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13 February 2005

Autistic savants and negative capability

This Guardian interview with "autistic savant" Daniel Tammet suggests a possible connection between autism and synaesthesia.

Tammet is calculating 377 multiplied by 795. Actually, he isn't "calculating": there is nothing conscious about what he is doing. He arrives at the answer instantly. Since his epileptic fit, he has been able to see numbers as shapes, colours and textures. The number two, for instance, is a motion, and five is a clap of thunder. "When I multiply numbers together, I see two shapes. The image starts to change and evolve, and a third shape emerges. That's the answer. It's mental imagery. It's like maths without having to think."

Scientists are particularly interested in Tammet because, unlike most people with autism, he is able to describe his thought process. This description is wonderfully evocative of a state of negative capability:

One day his brother asked him a sum. "He asked me to multiply something in my head - like 'What is 82 x 82 x 82 x 82?' I just looked at the floor and closed my eyes. My back went very straight and I made my hands into fists. But after five or 10 seconds, the answer just flowed out of my mouth. He asked me several others, and I got every one right."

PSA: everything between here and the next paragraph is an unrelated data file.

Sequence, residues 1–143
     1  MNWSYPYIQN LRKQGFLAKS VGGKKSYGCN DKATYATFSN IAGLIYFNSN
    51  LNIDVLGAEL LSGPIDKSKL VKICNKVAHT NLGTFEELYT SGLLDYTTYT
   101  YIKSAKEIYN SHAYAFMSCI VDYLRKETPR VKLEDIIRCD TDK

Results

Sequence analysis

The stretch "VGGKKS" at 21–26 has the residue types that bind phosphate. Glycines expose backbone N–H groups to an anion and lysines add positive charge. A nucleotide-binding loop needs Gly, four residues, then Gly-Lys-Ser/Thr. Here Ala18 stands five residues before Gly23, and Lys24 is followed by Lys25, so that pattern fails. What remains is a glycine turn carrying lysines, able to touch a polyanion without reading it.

Professor Allan Snyder, also interviewed by the Guardian, believes that we all possess such extraordinary abilities and it is just a question of us learning how to access them:

"Savants have usually had some kind of brain damage. Whether it's an onset of dementia later in life, a blow to the head or, in the case of Daniel, an epileptic fit. And it's that brain damage which creates the savant. I think that it's possible for a perfectly normal person to have access to these abilities..."

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